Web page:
If there is vindication in politics, Val Demings is enjoying it Tuesday night, though she would never acknowledge it.
The former Orlando Police chief, dubbed years ago as the next big rising star in Central Florida Democratic politics, handily won the Democratic primary to be the nominee in Florida’s 10th Congressional District.
“I am so humbled and honored to stand on this stage tonight and be one step closer to serving Central Florida in Washington,” she declared at her victory party Tuesday night. “The voters have decided, and I have faith they will decide again in November, that I am the leader that they want to represent them.”
In doing so, she overcame widespread disappointment and a certain amount of bitterness towards her because she had unexpectedly dropped out of the 2014 Orange County mayoral race, leaving that seat uncontested by Democrats.
And she also overcame major opposition, from the popular and almost universally respected state Sen. Geraldine Thompson, the all-but-unlimited-resourced businessman Bob Poe, and the indomitable lawyer Fatima Rita Fahmy.
It was easier than any of them might have hoped. Early voting and mail-in vote showed Demings with an almost overwhelming lead. In unofficial returns reported this evening by Orange County Supervisor of Elections, Demings drew more than 57 percent of the votes, while none of the other candidates was over 20 percent.
“We’re feeling really positive about the way this race was run,” Demings said. “We feel really good.”
She may not have been ready to call it, but by 7:45 p.m. she already was receiving congratulatory phone calls, including one from U.S. Sen. Bill Nelson.
CD 10 was redrawn last year, transforming it from a safe Republican seat to become, for all practical purposes, a minority-access district heavily favoring Democrats.
Demings is African-American. If her almost insurmountable early lead in the primary holds, and she goes on to defeat Republican nominee Thuy Lowe in November — all the numbers suggest she should — she’ll replace U.S. Rep. Corrine Brown, whose Florida’s 5th Congressional District previously represented the large black neighborhoods on Orlando’s west side. At the same time, Demings would represent some of Orlando’s most affluent and largely-white suburbs and neighborhoods such as Windermere, and large communities of Hispanic, Haitian, Jamaican, and Vietnamese residents.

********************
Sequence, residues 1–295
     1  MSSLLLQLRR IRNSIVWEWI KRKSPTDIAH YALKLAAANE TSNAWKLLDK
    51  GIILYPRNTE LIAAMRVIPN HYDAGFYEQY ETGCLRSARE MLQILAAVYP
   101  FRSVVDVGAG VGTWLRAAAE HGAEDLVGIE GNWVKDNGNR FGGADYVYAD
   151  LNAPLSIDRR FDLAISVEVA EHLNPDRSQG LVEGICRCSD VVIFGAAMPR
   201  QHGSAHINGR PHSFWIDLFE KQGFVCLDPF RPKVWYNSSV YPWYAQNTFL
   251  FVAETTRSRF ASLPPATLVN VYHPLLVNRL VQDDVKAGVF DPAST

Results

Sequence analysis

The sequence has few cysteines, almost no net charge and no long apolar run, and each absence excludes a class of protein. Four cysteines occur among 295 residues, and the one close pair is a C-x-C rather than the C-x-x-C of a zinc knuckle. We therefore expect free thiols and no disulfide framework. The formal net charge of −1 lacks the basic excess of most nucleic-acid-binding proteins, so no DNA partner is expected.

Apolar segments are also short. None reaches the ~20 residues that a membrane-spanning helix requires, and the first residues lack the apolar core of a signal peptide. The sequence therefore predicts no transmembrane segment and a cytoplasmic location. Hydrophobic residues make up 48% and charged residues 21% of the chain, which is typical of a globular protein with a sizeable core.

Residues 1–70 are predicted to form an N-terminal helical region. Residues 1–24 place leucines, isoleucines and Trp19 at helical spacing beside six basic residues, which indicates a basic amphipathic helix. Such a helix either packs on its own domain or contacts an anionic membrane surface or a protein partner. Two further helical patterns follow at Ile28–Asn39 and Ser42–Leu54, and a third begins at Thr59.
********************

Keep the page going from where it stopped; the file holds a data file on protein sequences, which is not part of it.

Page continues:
Demings’ story is nothing if not inspirational. She grew up poor in Jacksonville, the daughter of a citrus grove hand and a cleaning lady who worked and saved enough to send her to Florida State University. She joined the Orlando Police Department and rose through the ranks to become the city’s first female police chief. Her tenure was known both for her push for community policing and for a steady and strong drop in crime citywide, though it was marred by several infamous police brutality incidents. Along the way she married Jerry Demings, who went on to become Orange County’s sheriff, and they had three sons.
In 2011 Demings accepted the mantel of rising political star, retired from the police department, and took on Republican U.S. Rep. Dan Webster in CD 10, at a time when the district was still the Republicans to lose. They didn’t, but Demings made it a close contest. In 2014 she ran for Orange County mayor, possibly the only potential candidate who might be able to defeat RepublicanTeresa Jacobs. But mid-spring she mysteriously dropped out. Later Demings would say she had to quit because of health issues she declined to specify. But in 2014, many in the local party angrily said she was finished in this town.
That wasn’t true on the national level, however, where Demings’ star remained untarnished. No sooner did she announce her candidacy for another CD 10 run a year ago than national Democratic leaders saw the chance to help bring a smart, tough, battle-tested, popular, African-American, former police chief to Congress. But as those leaders and Democratic organizations threw support her way, the long-serving Thompson, the once-chairman of the Florida Democratic Party Poe, and the feisty Fahmy cried foul. They called her Washington’s pick for Orlando.
Demings, however, insisted she was Orlando’s pick all along, reminding everyone of the 27 years she spent protecting the city, and her equally long commitments through Orlando churches and civic groups.
Tuesday she proved it, carrying most precincts in CD 10.
Original Story on Florida Politics.